Taking the Reins at AskAboutGames

 In Uncategorized, Homepage, Blog

Perhaps the thing that limits games most is misunderstanding about what they can be.

Some will tell you games are a lower form of culture, and nothing much beyond a way to waste time. Others continue to dwell on violence and addiction, as if games can only have a negative effect.

And then there are those quick to point out that games can do much more than offer entirely valuable escapism. They can bring together families, provoke debate or critical thinking, improve life skills, engage young learners in the classroom, inspire creativity, advance everyday technology even serve medical or training purposes.

The reality is that games can be a power for good in myriad ways. But that gives them the capacity to offer a wild diversity of experiences, from family-friendly fun to profoundly mature games that explore very adult themes. Games as a medium have something to offer everybody; but that does not mean every game is suitable for every player.

I love the potential of games as a force for good, a way to have fun, and a means to explore unique worlds in a way no other medium can deliver. Equally, I adore sharing what games can be with other people. But I’m not unrealistic about the negative potential of content inappropriate for a particular audience. That’s the reason I’m thrilled to be stepping up as the new Editor of AskAboutGames. I’ve been a full time games journalist for nearly 11 years, so sharing information about games – and knowing perhaps a little too much about them – is how I make a living. And writing for national newspapers like The Observer and The Observer, gaming-specific publications like Edge, Eurogamer and Gamespot, and titles for the game industry such as GamesIndustry.biz and Develop, I’ve been lucky enough to have to share games with a very diverse audience. Some of that audience knows enough to make games; others understand almost nothing about them. I’m equally delighted informing both, and over that decade-plus I’ve hopefully picked up a thing or two about how to do that.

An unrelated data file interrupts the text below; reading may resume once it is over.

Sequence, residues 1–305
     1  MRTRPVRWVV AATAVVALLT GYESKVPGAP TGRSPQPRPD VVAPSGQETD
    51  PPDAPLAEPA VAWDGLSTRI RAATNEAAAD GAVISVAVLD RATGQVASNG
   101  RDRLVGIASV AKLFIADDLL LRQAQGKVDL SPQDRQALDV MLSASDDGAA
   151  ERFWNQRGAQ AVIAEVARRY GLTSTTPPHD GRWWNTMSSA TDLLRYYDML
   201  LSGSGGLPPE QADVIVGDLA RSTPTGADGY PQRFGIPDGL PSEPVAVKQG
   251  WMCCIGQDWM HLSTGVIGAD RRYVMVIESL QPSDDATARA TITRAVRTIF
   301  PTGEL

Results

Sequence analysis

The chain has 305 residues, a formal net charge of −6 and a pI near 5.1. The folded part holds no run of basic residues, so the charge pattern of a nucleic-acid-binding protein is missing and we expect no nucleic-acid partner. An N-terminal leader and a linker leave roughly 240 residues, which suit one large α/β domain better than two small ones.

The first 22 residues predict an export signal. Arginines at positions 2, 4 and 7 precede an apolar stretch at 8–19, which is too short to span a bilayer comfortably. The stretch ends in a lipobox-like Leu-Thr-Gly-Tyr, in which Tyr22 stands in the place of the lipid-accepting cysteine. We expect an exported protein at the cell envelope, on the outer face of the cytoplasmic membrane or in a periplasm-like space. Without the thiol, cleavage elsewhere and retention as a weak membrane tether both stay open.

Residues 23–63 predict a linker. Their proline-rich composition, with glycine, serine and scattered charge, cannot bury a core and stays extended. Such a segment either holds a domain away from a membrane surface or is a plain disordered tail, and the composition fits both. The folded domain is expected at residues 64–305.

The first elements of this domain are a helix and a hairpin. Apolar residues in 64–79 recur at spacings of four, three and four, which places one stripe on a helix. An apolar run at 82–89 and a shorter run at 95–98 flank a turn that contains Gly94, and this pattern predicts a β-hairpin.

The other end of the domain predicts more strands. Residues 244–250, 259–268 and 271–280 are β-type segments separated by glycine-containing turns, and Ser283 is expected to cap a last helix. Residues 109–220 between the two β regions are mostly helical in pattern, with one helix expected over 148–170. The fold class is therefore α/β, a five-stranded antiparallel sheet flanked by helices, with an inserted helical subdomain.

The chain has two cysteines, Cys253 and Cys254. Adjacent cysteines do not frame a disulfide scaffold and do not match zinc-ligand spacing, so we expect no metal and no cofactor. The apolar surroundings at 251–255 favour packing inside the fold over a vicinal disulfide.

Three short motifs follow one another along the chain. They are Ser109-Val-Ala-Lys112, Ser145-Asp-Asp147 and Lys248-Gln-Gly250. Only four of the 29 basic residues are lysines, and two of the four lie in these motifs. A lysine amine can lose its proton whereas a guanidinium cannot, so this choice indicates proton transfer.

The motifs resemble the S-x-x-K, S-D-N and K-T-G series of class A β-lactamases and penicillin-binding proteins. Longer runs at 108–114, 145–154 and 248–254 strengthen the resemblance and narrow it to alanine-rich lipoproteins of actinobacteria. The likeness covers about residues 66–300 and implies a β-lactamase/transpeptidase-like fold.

Getting the most out of games means finding the right games for you and your family. That can be an intimidating when there are so many very different releases to choose between, such a high number of new games, and perhaps a little upward pressure from youngsters to encourage their parents to provide a title that may – or may not – be suitable for them.

My experience should be a help to you there. I’m here to provide information and answer questions about games. Yet all I know really  is that I don’t know everything. That’s why I’m building a community of brilliant contributors, from families and parents to game makers and other experts. This opportunity isn’t about me telling you what not to play. I don’t see initiatives like AskAboutGames and PEGI’s age ratings for games as being means to limit access to games.

Playing the right games for you matters because  it is impossible to play even every great game. Thrillingly, there’s just too many. I admit I get through well over 100 every year – thanks in part to my beloved arcade releases being fairly short–  and I’m barely scratching the surface.

So if we can’t play all the games, but want to enjoy the benefits the medium offers, we should try and stick to titles we’ll get the most from. Play the best games for you and your family, and you can enjoy all the benefits of a medium that can bring so much; happiness, escapism, knowledge, empathy and a more informed perspective of the world around you.

Those are benefits AskAboutGames has helped hundreds of families embrace already, and I’m so elated to get started continuing that tradition. Learning about games can feel intimidating if you’re not familiar with what they really are, of course. But really it’s simple at a fundamental level. Video games let players interact with light and/or sound. That’s it. It’s hard to think of a video game that doesn’t fall into that category.

And I’m just here to share what’s possible within that definition of games, and build a conversation around how you can make sure your family get the most out of them. We’ll also look beyond games themselves, to game events your family can get involved with, potential careers the game industry offers, and the interesting things that are happening with games beyond ‘just’ entertainment. I’ll also be sure to bring other voices on board to offer their experience or expertise, and I’m very open-minded to learning plenty myself.

Understanding games is an ongoing process for all of us. If AskAboutGames can grow as a place for everybody to keep on learning together – readers, contributors and even game makers – we’ll all of achieved something to be proud of.

I look forward to taking that journey with you. So let’s get started.

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